For many of us, the memory of our first car is a cherished one. For most young Americans, it serves as a symbol of freedom and independence, but for many of us it also represents so much more. For those with fuel and oil in our veins, it symbolizes the catalyst that sparked an undying passion for burning rubber, busted knuckles and speed.
If you’ve managed to hold on to your first car after all of these years, consider yourself one of the lucky few. I recently had to sell my beloved 1970 Monte Carlo, which I purchased when I was only 14. I was sad to see her go, but was also lucky enough to meet and befriend a unique figure of automotive and rocket drag racing history in the process.
John Allen Hudson was born in San Antonio, Texas on September 28, 1947 at Brooks Military Hospital. The son of an Air Force veteran, John took an interest in drag racing while attending junior high in San Marcos, Texas. The roads surrounding the Air Force base were flat by default to accommodate the base and its airfield, and made the prefect gathering spot for local drag racers. John made friends with some of these local hooligans and so his passion for the sport began.
John’s first race took place while he was still in high school. At the Double Eagle Drag Strip in San Antonio, he somehow managed to convinced his 30-year airman father to allow him to race the family’s 1962 Chevrolet Biscayne. Slamming through the gears, he lit up the tires just a little bit with the little 6. It was here that John won his first trophy in the Stock 6 class.
As John was facing the normal growing pains of young adulthood, U.S. military forces were facing their own set of challenges just south of China. It was the mid 1960s and the Vietnam War was in full swing, so John, like many young men of that generation, had to set off to serve his country. He served two tours with the 3rd Battalion 4th Marines Lima Company as a corporal squad leader and was wounded three separate time in the line of duty.
It was during one of his tours, in June of 1968, when he received his first “Hotrod Magazine” featuring Dick Keller’s X1 Rocket Dragster. At that moment, John vowed that if he somehow managed to survive the war, he’d build and race a rocket dragster of his own.
Returning to San Marcos in November of 1968, John bought a 1963 Corvette for $1,100. This he swapped for a 1967 Motion Camaro which ran an 11.40 at 125 mph before the car was sadly stolen and stripped. John owned a number of other street cars, from a ’55 Chevy all the way through a number of GTOs, Chevelles and Olds 442s.
It wasn’t until 1977 that he undertook the creation of his first rocket dragster, “The Texas Starship.” Originally built by Ky Michaelson, the dragster was powered by a 5,000-pound-thrust hydrogen peroxide motor.
One of these rocket motors is pictured below both on and off of its drag car.
To the many of us who do not have experience with rocket powered automobiles, driving one might seem like a complicated and daunting venture. When asked, John stated, “I will tell you right now: It was the easiest to drive, most reliable and maintenance free drag-race car possible. Once you knew how to make it run correctly (which took Fred Goeske and me a while), it was a dream to drive and operate.”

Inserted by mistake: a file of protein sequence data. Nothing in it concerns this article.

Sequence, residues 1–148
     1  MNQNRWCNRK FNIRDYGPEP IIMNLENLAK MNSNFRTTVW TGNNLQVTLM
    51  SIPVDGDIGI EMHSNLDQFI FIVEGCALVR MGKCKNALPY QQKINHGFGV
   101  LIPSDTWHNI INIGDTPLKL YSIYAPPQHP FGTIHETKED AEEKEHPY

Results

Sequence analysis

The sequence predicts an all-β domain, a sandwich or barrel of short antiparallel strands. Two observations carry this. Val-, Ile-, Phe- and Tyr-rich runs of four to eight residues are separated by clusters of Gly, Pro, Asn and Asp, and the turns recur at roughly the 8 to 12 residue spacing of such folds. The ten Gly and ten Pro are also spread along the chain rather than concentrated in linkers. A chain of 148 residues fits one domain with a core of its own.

Below, John is pictured front and center behind the wheel of the “Texas Starship” as he’s guided to the starting line.
The Texas Starship had a 260-inch wheelbase and weighed 1,000 lbs empty. The fuel tank was pressurized at 500 psi and used approximately 20 gallons per run. John estimates that it took about 1,000 feet for the rocket dragster to eat through all of its fuel – although he tells us, “We did not have 1000-foot clocks on any of the tracks, so I am just guessing where it ran out. As soon as the crushing G-forces ceased, I would hit the chute and it would open just past the lights!”
The Texas Starship had a pair of 80-cubic foot scuba tanks mounted in the nose of the car. While this might sound dangerous to anyone not familiar with rocket dragsters, John assures us that, “If you knew what you were doing (and some operators definitely did not), the cares were safe to run and drive.”
John ran his best quarter mile in 4.80 seconds at 329 mph. His best 1/8 mile was 2.79 seconds at a whopping 301 mph.
He sold the car to Fred Goeske and it can now be found at the Don Garlits’ Museum in Ocala, Fla.
After selling the Texas Starship, John continued to race Top Fuel dragsters for Fred. He recalls his first race in Orange County; seated behind the wheel of the Chicago Patrol on a damp foggy morning, he was worried about visibility and condensation on the windshield. John tells us that when he voiced this concern, Fred called him a wimp and told him that, “As soon as [he] hit the throttle, the fogging would be gone.”
Should anything go wrong, the danger was compounded by the fact that at this point and time, funny cars had no escape hatch and drivers were actually trapped inside until the dragway was cleared and the crew could lift the body to let them out. Thankfully, Fred was right and when John hit the throttle, the fog was instantaneously sucked out of the car. Away he went!
John had made a promise to himself, committed to a goal and achieved it, but he was far from finished with racing. After selling his first rocket car, he bought and Drove Jim Hodges’ Alabama Express rocket car (pictured below) for two more years.
Retired now, John splits his time between his home in California and his getaway in Coppers Cove, Texas, but still enjoys driving and working on classic cars. He currently owns a 1995 Z28 Convertible, a 1965 Cutlass drag car and the latest addition to his collection, a 1970 Chevrolet Monte Carlo.